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Can we use computer games for more than entertainment?

Cass Professor receives major grant for new research

Traditionally digital games have been aimed at the entertainment market. But can digital games also address serious social, education and scientific problems?

A new £1.45 million research project by Cass Professor Feng Li along with colleagues from the University of York  and Durham University Business School, will look at this question.

The team aims to bring the UK digital games industry closer to scientists, teachers and healthcare workers to harness their ingenuity and innovation to contribute to advances in science and society.

Researchers will work with games companies and industry network associations to explore ways to promote the production of more games with a social and scientific purpose.

Principal investigator Professor Peter Cowling said: "Every action in an online game, from an in-game purchase to a simple button push, generates a piece of network data. This is a truly immense source of information about player behaviours and preferences. We will develop new algorithms to "mine" that data to better understand game players as an avenue for making better games, societal impact and scientific research."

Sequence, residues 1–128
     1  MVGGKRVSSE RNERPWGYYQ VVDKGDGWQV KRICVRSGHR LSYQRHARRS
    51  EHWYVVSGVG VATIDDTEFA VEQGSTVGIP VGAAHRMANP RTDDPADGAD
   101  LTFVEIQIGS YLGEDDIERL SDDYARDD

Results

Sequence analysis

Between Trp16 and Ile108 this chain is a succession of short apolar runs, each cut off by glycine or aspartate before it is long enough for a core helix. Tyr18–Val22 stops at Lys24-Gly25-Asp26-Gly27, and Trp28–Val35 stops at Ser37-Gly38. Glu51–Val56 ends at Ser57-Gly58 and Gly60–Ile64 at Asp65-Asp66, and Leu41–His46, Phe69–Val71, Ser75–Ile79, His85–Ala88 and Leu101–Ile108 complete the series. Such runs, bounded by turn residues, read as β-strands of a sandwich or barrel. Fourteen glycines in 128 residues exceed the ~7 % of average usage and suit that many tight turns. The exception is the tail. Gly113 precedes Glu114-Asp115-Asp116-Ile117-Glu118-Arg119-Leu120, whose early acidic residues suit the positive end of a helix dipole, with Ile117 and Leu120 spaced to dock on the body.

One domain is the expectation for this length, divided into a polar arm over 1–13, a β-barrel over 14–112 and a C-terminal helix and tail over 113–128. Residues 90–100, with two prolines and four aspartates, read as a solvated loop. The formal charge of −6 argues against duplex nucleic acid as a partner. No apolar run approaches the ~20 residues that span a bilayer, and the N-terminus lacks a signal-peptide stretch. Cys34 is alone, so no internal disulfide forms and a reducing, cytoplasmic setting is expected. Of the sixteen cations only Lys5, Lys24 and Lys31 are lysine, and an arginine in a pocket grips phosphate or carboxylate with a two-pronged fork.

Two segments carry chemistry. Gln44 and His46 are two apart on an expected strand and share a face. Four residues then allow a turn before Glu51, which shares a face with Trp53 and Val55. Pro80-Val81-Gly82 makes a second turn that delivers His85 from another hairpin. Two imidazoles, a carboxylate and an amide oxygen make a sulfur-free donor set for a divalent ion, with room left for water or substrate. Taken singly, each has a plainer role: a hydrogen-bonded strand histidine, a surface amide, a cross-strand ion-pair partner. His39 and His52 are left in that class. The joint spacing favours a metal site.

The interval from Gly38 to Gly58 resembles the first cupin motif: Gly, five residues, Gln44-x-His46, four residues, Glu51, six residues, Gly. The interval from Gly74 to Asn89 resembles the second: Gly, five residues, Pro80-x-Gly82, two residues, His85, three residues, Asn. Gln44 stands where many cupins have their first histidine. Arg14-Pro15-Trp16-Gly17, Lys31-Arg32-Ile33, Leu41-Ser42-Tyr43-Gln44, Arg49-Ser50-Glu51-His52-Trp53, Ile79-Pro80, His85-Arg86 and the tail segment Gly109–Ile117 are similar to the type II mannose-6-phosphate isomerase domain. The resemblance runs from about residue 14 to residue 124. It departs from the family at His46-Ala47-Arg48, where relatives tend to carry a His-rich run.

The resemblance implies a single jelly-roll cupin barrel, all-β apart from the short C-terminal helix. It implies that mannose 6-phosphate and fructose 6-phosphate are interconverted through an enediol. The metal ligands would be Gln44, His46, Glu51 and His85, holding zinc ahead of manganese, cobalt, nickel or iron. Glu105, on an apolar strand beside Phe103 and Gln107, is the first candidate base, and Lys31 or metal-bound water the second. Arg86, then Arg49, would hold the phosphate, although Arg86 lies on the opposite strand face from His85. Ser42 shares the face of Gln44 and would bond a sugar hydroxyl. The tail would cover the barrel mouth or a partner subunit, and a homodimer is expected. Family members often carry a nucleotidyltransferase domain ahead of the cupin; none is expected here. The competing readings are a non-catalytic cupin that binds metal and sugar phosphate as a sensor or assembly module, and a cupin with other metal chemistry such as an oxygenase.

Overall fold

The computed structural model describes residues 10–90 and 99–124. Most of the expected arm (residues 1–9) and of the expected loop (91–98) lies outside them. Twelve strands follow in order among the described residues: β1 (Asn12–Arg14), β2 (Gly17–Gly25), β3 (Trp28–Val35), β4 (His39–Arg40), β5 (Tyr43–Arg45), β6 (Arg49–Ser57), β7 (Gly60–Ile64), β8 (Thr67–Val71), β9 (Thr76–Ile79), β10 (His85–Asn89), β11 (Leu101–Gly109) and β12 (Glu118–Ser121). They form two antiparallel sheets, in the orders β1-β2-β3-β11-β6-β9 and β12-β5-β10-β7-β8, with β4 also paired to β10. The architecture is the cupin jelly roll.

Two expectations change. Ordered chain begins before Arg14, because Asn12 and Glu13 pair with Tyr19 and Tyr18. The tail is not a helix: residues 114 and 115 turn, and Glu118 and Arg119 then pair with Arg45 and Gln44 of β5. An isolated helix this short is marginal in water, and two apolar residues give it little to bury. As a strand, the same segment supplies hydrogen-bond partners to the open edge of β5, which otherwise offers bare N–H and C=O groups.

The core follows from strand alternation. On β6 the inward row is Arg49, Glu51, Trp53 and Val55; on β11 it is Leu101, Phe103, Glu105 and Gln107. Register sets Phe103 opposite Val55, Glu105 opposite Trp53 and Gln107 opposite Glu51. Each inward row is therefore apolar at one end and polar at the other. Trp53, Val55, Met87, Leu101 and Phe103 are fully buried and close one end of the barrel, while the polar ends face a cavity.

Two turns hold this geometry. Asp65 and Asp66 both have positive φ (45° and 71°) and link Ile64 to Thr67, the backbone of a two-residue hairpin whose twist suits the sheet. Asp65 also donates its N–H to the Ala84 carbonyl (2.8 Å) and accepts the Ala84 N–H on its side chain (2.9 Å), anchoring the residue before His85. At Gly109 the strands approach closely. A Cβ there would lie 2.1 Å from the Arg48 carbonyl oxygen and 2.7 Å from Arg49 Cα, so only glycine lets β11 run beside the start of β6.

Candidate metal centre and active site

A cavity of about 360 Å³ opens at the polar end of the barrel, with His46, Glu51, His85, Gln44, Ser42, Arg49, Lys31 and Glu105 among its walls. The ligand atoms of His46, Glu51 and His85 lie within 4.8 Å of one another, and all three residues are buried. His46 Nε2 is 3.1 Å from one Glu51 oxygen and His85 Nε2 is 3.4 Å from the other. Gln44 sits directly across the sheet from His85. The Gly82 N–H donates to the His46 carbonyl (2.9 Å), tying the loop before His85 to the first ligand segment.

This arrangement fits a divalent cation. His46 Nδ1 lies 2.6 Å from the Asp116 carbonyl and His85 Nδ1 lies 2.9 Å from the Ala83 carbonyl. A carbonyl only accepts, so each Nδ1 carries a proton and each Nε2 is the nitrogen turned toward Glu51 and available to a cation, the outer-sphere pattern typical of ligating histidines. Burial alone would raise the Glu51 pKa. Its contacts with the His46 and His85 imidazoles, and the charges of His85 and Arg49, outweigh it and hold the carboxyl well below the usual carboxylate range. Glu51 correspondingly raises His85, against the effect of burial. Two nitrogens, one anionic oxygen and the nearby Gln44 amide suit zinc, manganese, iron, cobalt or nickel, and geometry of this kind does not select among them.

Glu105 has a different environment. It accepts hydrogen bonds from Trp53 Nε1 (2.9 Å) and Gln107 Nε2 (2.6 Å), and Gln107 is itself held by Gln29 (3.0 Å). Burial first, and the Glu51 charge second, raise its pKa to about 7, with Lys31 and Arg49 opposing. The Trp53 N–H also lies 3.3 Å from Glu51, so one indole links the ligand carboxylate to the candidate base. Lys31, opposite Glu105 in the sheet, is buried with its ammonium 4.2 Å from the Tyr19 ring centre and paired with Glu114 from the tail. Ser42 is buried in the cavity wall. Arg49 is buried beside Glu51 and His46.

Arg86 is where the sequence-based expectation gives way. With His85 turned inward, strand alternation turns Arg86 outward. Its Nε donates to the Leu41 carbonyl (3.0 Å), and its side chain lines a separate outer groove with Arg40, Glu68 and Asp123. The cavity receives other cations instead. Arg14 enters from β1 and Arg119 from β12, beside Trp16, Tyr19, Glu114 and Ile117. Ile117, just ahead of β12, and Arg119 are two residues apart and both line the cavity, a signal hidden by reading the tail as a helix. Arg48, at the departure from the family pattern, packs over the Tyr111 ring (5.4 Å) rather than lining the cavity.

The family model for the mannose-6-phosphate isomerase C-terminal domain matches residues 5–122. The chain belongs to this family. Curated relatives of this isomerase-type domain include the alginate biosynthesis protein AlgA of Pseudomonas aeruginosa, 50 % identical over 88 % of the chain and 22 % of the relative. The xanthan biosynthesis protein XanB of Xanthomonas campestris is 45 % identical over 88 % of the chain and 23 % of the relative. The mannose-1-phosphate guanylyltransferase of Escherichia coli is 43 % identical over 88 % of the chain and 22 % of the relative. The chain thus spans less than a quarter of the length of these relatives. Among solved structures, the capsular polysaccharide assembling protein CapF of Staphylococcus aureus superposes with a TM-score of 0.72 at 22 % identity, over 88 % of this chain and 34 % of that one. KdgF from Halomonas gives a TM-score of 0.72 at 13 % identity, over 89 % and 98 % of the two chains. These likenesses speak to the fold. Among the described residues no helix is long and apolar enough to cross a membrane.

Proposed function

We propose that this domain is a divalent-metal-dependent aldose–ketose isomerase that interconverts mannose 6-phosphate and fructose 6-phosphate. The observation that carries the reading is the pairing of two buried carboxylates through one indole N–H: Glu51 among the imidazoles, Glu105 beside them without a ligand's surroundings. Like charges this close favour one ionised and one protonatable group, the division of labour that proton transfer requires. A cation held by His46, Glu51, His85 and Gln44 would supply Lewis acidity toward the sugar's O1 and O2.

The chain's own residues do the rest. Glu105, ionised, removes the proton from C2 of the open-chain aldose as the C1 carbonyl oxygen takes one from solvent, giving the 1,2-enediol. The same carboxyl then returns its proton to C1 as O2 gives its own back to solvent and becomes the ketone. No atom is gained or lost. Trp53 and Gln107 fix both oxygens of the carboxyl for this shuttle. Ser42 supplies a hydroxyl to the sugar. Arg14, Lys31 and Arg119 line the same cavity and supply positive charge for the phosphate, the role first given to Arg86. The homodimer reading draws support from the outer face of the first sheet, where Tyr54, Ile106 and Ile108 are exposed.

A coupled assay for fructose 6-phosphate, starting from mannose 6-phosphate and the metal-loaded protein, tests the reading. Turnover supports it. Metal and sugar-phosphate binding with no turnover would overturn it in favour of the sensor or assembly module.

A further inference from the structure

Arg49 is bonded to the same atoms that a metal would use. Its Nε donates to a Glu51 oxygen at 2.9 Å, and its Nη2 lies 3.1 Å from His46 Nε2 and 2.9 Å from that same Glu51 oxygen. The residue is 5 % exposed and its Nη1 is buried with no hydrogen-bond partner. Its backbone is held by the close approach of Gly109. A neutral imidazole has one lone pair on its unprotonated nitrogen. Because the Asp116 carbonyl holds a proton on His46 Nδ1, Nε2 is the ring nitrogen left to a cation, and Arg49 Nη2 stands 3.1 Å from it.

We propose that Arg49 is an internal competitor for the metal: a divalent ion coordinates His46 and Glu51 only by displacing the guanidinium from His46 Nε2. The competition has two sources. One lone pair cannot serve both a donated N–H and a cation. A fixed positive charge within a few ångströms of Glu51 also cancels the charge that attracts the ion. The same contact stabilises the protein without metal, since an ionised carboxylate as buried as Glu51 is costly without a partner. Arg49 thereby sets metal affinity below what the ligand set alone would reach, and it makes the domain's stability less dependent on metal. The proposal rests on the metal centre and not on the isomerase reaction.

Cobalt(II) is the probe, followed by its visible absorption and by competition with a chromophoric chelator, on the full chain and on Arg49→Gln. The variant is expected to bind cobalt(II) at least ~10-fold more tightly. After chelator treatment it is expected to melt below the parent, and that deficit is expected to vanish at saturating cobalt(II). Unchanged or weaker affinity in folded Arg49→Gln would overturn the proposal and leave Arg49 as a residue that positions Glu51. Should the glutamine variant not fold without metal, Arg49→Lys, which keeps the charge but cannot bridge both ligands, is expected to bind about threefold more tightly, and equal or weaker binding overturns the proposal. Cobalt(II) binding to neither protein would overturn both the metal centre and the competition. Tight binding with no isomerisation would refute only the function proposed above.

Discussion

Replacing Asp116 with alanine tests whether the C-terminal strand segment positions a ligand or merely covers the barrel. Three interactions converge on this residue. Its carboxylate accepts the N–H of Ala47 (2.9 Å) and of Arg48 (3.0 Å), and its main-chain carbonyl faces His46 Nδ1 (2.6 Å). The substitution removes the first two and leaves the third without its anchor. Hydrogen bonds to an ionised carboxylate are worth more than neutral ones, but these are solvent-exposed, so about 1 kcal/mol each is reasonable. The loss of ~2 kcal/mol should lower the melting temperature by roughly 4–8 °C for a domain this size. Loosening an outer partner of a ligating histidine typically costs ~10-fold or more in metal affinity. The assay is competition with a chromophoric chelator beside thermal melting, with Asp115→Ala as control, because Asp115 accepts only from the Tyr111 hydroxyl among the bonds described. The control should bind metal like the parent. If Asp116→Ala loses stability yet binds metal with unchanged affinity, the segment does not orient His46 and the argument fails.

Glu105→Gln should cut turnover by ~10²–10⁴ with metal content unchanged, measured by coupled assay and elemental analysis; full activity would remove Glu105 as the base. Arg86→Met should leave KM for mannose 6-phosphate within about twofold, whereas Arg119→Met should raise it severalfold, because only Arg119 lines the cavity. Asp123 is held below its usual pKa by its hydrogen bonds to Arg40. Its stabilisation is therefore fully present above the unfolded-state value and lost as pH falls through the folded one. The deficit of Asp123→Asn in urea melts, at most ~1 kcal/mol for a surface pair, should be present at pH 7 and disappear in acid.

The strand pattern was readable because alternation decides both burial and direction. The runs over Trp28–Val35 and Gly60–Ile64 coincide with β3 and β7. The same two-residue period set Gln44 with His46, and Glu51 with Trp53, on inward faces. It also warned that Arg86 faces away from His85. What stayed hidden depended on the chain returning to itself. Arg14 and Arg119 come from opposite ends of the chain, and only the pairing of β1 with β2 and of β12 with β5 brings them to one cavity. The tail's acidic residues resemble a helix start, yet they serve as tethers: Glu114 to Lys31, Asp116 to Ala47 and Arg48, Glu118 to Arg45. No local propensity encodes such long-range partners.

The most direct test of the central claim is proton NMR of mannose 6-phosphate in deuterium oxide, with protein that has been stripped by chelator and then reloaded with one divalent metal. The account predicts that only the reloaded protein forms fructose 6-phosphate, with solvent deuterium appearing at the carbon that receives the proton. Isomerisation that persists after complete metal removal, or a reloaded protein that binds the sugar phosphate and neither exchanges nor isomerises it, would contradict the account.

Professor Li emphasises that developing robust and sustainable business models is a key part of the project.

He comments: 'We are looking to develop products that can achieve financial sustainability and operational scalability, which have the potential for significant long lasting impacts. New strategies and business models in the digital economy is one of our academic strengths here at Cass. With our position close to both the City of London and Tech City, we are in a unique position to leverage our connections with both for this project.'

The New Economic Models and Opportunities for digital Games initiative is funded jointly by the Engineering and Physical Sciences Research Council and the Economic and Social Research Council.

It will employ three post-doctoral researchers and has an advisory board reflecting the support of more than a dozen games companies and nine creative industries network organisations.

The NEMOG research team comprises Cass's Professor Li, as well as Professor Peter Cowling, Dr Ignazio Cabras and Dr Daniel Kudenko of the University of York, and Professor Kiran Fernandes, of Durham University Business School.

The digital games manufacturers supporting the project are: 4 Door Lemon, AI Factory, Albino Pixel, Complex City Apps, Creative Assembly, Introversion, LimbsAlive, MiniMonos, Playgen, Red Kite Games, Revolution, WeR Interactive, ZumFun.

Network organisations supporting the project are:, the Creative Industries Knowledge Transfer Network, City of York Council, Digital Shoreditch, Game Republic, Science City York, the SiDE Social Inclusion through the Digital Economy Hub, Tech City, and TIGA.

Contact Professor Feng Li for further information

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